- Further integration is a must. Having T1D is not convenient in any way, shape, or form. We have lots of stuff we have to carry around and keep up with to manage our diabetes. The last thing we need is a system that is not user-friendly or integrated and requires us to carry around several devices. In this study, I had to carry the Dexcom receiver, an Android phone (not my smartphone), a blood glucose meter, and my insulin pump. There were too many moving parts to keep up with. It became a hassle trying to keep up with all the parts to the DiA’s system and always having to have them on me. I could not leave the smartphone or the CGM EVER. If I did walk away from the system more than a few feet I would lose my Bluetooth connection. I had to keep the CGM receiver, pump, and smartphone on me 24/7. Definitely not convenient, or user friendly.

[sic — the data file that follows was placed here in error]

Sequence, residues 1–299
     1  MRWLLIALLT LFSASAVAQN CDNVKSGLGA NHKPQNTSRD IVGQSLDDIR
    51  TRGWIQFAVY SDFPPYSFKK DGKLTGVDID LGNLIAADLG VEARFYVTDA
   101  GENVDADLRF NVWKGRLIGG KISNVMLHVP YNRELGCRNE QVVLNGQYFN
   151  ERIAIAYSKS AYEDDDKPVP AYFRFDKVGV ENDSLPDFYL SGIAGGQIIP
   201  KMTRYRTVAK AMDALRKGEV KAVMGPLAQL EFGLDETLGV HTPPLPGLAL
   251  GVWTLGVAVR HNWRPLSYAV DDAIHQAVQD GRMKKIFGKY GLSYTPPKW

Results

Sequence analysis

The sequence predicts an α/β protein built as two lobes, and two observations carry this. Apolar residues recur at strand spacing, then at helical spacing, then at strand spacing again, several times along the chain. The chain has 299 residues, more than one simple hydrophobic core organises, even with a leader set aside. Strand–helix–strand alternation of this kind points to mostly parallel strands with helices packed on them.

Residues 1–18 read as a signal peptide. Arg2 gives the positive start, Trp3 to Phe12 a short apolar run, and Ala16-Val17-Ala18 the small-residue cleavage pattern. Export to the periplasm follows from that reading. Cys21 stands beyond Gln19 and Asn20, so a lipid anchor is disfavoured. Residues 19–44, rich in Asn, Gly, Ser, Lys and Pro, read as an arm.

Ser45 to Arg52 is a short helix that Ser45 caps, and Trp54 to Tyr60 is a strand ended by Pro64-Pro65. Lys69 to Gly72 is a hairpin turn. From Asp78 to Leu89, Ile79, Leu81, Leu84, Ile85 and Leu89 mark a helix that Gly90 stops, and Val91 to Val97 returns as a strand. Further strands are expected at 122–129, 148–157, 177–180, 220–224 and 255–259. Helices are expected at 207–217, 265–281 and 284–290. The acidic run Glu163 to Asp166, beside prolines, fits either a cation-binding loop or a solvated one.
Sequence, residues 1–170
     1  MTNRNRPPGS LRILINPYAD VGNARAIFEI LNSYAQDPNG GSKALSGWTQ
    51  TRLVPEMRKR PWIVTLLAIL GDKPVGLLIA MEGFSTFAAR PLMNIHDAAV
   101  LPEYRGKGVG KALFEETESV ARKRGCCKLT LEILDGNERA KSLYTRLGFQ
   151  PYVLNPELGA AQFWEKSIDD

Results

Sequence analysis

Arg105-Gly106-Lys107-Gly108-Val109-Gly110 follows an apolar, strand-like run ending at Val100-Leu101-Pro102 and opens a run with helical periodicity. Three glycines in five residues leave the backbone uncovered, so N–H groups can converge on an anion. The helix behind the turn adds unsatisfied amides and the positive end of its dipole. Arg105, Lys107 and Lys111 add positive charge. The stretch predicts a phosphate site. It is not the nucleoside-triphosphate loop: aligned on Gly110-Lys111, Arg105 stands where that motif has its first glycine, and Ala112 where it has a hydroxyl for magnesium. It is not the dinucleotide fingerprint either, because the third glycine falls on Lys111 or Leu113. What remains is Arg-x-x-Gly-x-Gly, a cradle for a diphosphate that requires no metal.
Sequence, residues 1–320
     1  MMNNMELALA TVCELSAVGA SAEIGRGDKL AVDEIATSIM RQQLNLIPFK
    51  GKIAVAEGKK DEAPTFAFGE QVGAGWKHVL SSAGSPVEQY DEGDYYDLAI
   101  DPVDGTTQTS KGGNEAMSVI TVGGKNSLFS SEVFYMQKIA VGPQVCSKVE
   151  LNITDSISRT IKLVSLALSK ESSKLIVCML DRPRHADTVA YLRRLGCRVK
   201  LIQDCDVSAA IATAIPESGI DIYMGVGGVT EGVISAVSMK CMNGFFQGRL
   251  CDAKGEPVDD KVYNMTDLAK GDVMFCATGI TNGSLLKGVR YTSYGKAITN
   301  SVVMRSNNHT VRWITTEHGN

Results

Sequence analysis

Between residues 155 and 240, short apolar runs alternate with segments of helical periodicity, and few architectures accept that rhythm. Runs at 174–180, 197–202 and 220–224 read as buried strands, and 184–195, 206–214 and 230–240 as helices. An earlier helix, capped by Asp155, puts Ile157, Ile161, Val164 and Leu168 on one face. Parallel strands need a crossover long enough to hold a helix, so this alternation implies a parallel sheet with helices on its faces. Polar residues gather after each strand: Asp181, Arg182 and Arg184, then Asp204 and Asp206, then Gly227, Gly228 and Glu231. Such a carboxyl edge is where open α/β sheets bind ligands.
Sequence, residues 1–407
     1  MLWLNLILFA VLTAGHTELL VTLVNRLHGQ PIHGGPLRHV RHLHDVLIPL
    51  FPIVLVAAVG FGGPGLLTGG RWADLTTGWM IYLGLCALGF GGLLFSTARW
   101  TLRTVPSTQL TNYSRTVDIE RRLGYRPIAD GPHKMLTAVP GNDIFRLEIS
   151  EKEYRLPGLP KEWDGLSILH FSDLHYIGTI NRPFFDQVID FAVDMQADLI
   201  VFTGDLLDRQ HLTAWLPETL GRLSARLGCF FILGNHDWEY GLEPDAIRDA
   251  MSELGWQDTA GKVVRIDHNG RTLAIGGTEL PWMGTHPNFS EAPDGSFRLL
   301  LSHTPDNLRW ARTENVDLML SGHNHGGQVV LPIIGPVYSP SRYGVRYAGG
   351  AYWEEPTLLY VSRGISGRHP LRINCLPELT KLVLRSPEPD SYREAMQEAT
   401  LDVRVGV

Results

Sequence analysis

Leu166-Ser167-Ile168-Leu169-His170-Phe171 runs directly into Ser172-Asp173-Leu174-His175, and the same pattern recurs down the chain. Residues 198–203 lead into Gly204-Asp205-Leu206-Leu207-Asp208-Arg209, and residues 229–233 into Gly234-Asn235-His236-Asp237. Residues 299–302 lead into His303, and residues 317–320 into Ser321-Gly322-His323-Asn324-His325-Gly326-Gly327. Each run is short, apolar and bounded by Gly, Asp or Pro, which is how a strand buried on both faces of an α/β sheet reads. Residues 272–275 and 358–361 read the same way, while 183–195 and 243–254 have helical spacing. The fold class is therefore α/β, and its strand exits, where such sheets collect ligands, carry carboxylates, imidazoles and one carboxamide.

As much as I found to critique about the DiAs AP system, I would trade my Omnipod and Dexcom G5 back in to wear it again today. As much as the system is imperfect, it is still better than anything on the market today. The first artificial pancreas systems will be very good, but I guarantee they will just keep getting better and better. Look at today’s insulin pumps compared to what we had 10-15 years ago. The first generation insulin pumps that came to market were massive and had little functionality. Also, we have to realise that the DiAs system I used was a trial version and not the final commercialised product. I am confident the commercialised product will be much more user-friendly and much of the connectivity issues will be corrected. The purpose of the study is to test the safety of the system, not to test the user ability and convenience.
Overall it was an amazing experience and I feel very blessed to have been part of this trial. I am currently waiting on word to hopefully start a new artificial pancreas trial with the University of Virginia in the coming months. I very much look forward to reconnecting with Artie, and testing the newest version of the DiAs system.
You can see more about Artie on Jeramie’s blog, Me & My Broken Pancreas.